September 30, 2015
It is my pleasure to publish on my blog this speech given by my associate Vicky Marissen (PACT European Affairs) at a recent Ombudsman event on the important issue of trilogues and transparency in EU law-making.
Background memo for the public hearing ‘Trilogues and transparent law-making’ on 28th September 2015 organised by the European Ombudsman
Efficient law-making must not only be done, but must also be seen to be done
This fundamental legal adage is just as valid for law-making as it is in a judicial context. And the adage must even be stronger at EU level than at national level. Why? Because the EU legislates on the basis of a ‘delegation’ of competences by Member States, i.e. EU citizens. The EU consistently has to demonstrate it is using this delegation of competence appropriately. The gap between the citizens and the EU is wide – wider than at national or regional level. Everyone knows this and most EU decision-makers want to combat this. However, they will do the exact opposite as long as trilogues remain as systematic as today and conducted the way they currently are.
Trilogues: efficient perhaps, but detrimental to the quality of legislation
EU decision-making has grown increasingly complex due to an increased number of Member States and a trend towards a more inter-governmental approach in particular. Trilogues have proven to be an efficient way of getting legislation adopted. Today, the use of trilogues is systematic. No-one these days even asks the question whether or not trilogues should be held on a specific legislative file.
But has EU decision-making actually become more efficient? In general terms, the bulk of legislation is now adopted in first reading (currently 85%-87%) and it is generally fair to say that a large amount of legislation therefore has been adopted more rapidly. Although efficiency and speed of adoption are key aspects in decision-making, other even more important factors are threatened by trilogues. The obvious ones are: democracy, accountability and transparency. This is rightly criticised.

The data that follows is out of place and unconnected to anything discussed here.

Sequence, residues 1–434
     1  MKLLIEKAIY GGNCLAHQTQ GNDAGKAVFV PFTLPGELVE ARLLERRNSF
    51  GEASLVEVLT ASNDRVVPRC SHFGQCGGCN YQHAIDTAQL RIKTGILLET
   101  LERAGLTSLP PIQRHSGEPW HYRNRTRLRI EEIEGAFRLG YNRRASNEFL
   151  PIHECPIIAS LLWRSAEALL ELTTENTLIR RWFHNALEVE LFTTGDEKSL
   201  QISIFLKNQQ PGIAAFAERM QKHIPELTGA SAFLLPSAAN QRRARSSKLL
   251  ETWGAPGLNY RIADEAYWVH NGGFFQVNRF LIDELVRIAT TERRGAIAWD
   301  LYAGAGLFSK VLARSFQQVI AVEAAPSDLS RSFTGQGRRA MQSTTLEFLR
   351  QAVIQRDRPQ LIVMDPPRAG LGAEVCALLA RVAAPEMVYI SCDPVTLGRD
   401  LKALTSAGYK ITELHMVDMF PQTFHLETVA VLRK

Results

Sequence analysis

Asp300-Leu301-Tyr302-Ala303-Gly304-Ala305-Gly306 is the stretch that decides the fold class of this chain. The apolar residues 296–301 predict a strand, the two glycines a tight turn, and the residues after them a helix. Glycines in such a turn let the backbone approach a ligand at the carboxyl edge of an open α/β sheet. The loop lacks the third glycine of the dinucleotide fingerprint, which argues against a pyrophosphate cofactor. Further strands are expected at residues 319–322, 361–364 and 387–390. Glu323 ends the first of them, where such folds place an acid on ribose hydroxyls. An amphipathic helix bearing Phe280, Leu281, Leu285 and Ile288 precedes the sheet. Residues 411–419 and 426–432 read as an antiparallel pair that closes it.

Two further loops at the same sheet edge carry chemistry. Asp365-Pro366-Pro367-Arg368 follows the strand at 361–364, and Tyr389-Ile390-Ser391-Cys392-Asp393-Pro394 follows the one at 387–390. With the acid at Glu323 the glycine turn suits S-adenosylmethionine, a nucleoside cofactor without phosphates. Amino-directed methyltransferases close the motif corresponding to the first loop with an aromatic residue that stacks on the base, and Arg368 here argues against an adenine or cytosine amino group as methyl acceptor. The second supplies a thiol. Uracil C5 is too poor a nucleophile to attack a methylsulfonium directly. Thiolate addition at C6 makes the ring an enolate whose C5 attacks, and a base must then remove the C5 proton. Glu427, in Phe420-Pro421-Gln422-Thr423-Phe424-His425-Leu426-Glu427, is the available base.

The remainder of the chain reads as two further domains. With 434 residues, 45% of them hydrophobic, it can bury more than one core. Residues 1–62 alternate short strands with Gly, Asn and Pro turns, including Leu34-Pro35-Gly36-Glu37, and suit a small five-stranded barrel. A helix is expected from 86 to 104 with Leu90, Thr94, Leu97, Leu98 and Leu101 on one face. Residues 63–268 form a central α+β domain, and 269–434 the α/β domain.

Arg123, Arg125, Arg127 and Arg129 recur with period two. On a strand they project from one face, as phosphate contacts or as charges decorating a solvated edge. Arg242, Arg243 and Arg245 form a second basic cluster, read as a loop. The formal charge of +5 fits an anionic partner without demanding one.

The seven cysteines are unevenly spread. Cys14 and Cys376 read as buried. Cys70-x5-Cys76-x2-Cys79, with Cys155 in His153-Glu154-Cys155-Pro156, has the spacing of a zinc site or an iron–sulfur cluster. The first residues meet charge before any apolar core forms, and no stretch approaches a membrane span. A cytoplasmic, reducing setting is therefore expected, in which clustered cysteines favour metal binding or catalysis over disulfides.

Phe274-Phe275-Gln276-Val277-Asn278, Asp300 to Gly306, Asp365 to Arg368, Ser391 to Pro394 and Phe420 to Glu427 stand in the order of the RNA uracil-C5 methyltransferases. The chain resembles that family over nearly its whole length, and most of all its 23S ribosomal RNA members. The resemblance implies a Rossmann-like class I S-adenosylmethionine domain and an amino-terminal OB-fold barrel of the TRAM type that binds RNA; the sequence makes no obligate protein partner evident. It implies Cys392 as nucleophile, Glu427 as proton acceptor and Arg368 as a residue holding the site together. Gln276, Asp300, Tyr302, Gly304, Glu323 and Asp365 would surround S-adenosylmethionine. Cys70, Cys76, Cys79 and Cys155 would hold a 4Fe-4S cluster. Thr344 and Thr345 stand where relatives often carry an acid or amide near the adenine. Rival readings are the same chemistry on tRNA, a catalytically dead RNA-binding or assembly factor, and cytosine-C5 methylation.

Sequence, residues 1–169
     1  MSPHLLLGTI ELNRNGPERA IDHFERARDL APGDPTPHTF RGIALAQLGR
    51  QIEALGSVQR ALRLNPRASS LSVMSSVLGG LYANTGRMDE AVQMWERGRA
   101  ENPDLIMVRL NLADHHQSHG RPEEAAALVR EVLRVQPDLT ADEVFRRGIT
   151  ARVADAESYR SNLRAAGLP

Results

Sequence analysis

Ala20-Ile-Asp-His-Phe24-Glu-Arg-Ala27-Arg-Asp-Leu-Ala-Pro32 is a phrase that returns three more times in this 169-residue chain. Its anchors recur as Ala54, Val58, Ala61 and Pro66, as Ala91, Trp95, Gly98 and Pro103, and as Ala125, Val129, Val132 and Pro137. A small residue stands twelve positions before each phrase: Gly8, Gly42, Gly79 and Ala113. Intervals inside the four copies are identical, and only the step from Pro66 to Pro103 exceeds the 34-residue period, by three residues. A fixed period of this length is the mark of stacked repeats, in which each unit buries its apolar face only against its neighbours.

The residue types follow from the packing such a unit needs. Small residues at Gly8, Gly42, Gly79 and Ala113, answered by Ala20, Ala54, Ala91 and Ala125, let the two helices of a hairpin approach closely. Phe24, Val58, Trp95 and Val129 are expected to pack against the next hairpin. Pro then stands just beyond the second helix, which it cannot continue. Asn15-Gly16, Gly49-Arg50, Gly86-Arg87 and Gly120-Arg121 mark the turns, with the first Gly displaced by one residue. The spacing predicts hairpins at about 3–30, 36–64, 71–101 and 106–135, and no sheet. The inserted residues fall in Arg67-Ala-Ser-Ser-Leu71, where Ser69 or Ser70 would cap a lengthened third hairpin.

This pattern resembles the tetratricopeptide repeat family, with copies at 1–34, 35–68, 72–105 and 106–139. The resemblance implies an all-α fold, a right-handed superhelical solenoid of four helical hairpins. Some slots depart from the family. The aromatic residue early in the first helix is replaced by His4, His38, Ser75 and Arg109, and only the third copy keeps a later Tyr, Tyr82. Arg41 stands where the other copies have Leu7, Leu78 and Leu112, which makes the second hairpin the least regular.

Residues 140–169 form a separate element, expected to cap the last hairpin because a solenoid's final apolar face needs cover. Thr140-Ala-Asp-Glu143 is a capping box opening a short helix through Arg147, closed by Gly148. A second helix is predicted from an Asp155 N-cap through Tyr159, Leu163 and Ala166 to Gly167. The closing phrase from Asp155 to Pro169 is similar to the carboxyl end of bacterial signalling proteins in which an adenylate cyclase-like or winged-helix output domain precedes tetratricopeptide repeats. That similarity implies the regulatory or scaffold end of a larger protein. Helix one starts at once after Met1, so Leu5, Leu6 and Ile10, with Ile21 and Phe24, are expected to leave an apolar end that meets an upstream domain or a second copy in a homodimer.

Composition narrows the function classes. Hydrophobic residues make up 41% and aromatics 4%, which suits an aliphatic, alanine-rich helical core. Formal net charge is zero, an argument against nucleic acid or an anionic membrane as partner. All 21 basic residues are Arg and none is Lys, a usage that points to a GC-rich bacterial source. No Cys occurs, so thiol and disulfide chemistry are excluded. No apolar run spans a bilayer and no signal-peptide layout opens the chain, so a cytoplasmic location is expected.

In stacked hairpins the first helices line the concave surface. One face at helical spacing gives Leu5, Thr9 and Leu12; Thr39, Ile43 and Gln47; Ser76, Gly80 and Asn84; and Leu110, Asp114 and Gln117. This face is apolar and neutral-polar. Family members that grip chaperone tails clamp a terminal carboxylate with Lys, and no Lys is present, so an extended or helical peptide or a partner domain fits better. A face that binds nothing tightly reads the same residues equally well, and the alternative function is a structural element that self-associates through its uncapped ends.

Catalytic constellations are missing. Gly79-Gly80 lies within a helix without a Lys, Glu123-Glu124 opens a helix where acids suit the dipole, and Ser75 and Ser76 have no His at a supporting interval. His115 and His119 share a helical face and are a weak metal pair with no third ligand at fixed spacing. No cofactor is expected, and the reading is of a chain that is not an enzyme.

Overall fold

However, on a more operational level, other concerns arise. The quality of legislation and the degree of precision in legislation has decreased. Is this a problem? Certainly, because it generates legal uncertainty, which is the antithesis of any legal system. Along the same lines, the use of delegated and implementing acts (secondary legislation) has grown massively. Although the need for these types of acts is beyond question, there has been a very strong tendency in recent years to use these acts not only when they are needed, but also to delay and push contentious or politically sensitive matters of key interest for adoption at a later date. In effect, these acts are used as political rather than legal tools.
Trilogues: all kind of shapes and sizes
As indicated, trilogues are systematic. There are some trilogues that you see announced in the press. In parallel however, there are more technical trilogues, ‘informal trilogues’ if you will, which take place with even more restricted groups of people ‘to help advance the compromise’.
On top of this, three-way meetings tend to be held when the drafting of legislation is on-going or when parliamentary committees and Council working group meetings are still on-going. There is a trend towards advancing ‘three-way discussions/trilogues’ even further upstream in the legislative process, by-passing the legislative process even more, making it even more opaque.
I tend to refer to this as the ‘cascade effect’: from the normal phases of the ordinary legislative procedure (with conciliation meetings at the end), down to trilogues after EP and Council discussions and positions, down to three-way discussions as early as in the drafting phase. It is a dangerous cascade and can be compared to another one: legislation, secondary legislation (delegated/implementing acts), soft law (guidance, etc.), the latter being often as problematic as the first.
In its proposal for an inter-institutional agreement, the Commission envisages the following in Point 25: “Where appropriate, the three institutions may agree to coordinate efforts to accelerate the legislative adoption process, both during each institution’s internal preparatory steps and during the inter-institutional negotiations.”
This sentence seems to point in the direction of even earlier coordination, possible three-way meetings, and this has to be stopped.
The Commission should not be the ‘master’ of trilogues
What about the trilogues’ composition, currently including a Council delegation (led by the rotating Presidency), a Parliament delegation and a Commission delegation? Parliament and Council, as co-legislators, have a natural place at the table, but what about the EU Commission? Does it need to be present in trilogues, to what extent, and in what role?
The fact that the Commission is present in trilogues stems indirectly from the EU treaties, which provides in the article describing the ordinary legislative procedure (Article 294 TFEU) that ‘the Commission shall take part in the Conciliation committee’s proceedings’. Another reason is of course the legal right of the Commission to reject amendments proposed during the ordinary legislative procedure.